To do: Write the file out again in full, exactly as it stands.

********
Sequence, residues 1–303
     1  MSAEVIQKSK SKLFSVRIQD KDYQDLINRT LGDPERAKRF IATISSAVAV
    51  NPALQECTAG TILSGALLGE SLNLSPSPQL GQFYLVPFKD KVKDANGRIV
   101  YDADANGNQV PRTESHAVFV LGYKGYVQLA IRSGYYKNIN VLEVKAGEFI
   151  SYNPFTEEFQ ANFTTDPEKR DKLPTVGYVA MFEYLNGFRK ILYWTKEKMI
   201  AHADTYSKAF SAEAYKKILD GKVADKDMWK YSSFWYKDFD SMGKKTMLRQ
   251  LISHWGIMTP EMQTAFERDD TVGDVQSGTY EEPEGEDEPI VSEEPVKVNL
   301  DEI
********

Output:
Sequence, residues 1–303
     1  MSAEVIQKSK SKLFSVRIQD KDYQDLINRT LGDPERAKRF IATISSAVAV
    51  NPALQECTAG TILSGALLGE SLNLSPSPQL GQFYLVPFKD KVKDANGRIV
   101  YDADANGNQV PRTESHAVFV LGYKGYVQLA IRSGYYKNIN VLEVKAGEFI
   151  SYNPFTEEFQ ANFTTDPEKR DKLPTVGYVA MFEYLNGFRK ILYWTKEKMI
   201  AHADTYSKAF SAEAYKKILD GKVADKDMWK YSSFWYKDFD SMGKKTMLRQ
   251  LISHWGIMTP EMQTAFERDD TVGDVQSGTY EEPEGEDEPI VSEEPVKVNL
   301  DEI